The Mere (pronounced mehreh) or Patu was a traditional hand weapon of New Zealand, found only on the South Island. It was the Close-Range weapon of the Māori Warrior.
The Mere was a flat club about 12 inches in length and made from greenstone (jade). The weapon narrowed at one end to form a handle, and had a rounded, sharpened top.
- Short range
- 1 foot
- 2 lbs
- Nephrite jade
In combat, the mere was more commonly used for thrusting and stabbing, although as seen in the show, it was highly effective for delivering axe-like blows, being more than able to pulverize a cow's skull in one blow. The mere was a symbol of chieftainship and was passed down as a valuable heirloom. Traditionally, individual mere were named, and were said to possess a mana of their own. It was one of the most common weapons used by the Maori. The durability of the jade also allowed a warrior to pass on the club to his decedents.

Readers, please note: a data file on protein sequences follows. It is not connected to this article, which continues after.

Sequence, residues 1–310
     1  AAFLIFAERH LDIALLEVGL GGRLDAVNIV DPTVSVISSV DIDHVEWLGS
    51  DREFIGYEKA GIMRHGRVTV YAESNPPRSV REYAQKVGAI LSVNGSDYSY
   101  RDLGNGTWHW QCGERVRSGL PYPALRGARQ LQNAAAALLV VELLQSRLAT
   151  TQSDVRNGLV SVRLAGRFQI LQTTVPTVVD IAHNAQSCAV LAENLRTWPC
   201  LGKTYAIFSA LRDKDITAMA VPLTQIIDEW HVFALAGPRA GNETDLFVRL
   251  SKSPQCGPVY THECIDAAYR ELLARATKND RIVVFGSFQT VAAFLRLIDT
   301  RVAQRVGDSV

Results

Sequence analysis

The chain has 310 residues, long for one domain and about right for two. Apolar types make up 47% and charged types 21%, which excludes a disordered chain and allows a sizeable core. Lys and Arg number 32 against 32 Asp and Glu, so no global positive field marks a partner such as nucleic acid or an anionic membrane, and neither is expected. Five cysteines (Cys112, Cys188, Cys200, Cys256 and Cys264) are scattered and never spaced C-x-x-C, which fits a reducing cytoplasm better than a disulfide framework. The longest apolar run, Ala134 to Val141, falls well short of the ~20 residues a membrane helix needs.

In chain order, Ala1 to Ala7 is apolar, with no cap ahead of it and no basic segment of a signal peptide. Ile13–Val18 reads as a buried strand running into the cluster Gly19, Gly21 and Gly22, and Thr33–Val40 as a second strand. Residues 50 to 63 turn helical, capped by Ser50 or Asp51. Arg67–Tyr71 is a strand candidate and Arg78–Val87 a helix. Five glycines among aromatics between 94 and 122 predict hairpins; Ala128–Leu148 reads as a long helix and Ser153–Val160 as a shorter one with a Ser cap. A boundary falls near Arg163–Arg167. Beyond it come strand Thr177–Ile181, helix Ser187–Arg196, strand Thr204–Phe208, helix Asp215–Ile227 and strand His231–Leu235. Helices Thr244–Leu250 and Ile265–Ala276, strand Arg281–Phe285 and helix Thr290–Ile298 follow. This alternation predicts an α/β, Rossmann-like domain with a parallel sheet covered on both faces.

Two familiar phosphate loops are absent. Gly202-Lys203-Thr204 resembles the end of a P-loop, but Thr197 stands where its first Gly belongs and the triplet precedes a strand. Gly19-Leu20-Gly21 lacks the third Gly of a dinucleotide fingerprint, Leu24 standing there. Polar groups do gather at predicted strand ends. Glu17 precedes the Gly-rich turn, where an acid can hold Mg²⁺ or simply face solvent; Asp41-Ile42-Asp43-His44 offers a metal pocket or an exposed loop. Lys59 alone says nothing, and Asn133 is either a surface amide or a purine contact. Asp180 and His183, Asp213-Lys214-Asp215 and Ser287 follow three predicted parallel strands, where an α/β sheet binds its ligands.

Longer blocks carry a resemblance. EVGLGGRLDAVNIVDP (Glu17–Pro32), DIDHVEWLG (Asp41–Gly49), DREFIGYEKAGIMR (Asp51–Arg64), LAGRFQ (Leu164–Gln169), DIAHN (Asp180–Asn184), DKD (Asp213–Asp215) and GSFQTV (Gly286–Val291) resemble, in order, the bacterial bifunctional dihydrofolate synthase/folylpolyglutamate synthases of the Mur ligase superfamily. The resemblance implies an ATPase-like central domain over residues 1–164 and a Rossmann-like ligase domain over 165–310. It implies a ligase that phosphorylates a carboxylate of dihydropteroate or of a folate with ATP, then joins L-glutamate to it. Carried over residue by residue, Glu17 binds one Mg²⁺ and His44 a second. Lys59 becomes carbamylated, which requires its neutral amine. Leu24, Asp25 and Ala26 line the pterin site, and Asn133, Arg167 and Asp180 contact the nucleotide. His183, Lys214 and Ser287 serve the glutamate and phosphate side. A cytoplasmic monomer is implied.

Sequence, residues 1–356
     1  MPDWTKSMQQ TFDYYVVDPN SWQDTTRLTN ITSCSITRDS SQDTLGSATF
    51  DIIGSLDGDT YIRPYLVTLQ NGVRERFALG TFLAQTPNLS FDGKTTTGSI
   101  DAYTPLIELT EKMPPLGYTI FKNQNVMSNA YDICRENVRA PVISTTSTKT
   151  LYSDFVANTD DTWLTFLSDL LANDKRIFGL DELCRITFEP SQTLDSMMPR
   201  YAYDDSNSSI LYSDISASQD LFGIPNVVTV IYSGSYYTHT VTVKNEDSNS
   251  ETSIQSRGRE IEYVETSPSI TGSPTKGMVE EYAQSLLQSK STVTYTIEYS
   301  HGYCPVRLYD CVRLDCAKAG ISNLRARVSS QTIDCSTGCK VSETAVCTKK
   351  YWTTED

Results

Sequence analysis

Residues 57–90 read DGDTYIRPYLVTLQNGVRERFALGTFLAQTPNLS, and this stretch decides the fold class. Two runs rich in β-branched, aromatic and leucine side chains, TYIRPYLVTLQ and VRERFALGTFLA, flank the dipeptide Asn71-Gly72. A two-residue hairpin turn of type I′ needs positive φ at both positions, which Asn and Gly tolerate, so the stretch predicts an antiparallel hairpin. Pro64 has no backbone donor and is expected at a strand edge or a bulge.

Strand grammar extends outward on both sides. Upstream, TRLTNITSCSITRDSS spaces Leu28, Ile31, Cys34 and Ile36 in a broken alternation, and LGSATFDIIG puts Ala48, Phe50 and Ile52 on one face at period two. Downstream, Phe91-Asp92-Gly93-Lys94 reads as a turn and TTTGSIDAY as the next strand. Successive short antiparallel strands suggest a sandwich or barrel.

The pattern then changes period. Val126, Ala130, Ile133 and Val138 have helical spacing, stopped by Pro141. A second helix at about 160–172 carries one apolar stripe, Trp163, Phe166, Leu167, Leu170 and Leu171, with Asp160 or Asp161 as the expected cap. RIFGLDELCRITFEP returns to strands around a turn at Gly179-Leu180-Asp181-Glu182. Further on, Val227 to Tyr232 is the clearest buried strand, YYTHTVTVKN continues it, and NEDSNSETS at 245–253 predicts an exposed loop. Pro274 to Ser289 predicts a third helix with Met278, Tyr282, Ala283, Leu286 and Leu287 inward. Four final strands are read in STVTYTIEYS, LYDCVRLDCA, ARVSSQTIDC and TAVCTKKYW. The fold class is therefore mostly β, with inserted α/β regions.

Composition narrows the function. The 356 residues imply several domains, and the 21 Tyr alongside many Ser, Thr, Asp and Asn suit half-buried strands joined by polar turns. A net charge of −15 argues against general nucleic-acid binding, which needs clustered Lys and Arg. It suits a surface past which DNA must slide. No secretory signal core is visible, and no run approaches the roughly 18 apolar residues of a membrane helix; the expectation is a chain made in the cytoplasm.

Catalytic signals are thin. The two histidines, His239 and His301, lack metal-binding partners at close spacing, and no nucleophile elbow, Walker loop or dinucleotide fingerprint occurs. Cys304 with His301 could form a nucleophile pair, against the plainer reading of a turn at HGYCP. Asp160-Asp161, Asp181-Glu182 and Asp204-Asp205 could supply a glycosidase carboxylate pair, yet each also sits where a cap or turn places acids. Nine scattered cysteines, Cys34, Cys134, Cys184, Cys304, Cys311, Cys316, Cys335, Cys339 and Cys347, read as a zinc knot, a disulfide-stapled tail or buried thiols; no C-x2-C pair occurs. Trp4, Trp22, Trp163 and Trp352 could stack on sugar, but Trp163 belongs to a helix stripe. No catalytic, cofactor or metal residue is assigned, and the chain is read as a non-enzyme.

- The Kotiate or Whale-Bone Club is a similar melee weapon used by the Maori. Like the Mere it is wedged like an axehead and is used in religious ceremony. The word 'Patu' refers to any Maori club and can be made out of stone, iron or wood as well as the aforementioned jade and bone. Whale Bone and Jade were by far the more valuable materials to make the clubs and so are more significant culturally and sometimes were symbols of nobility.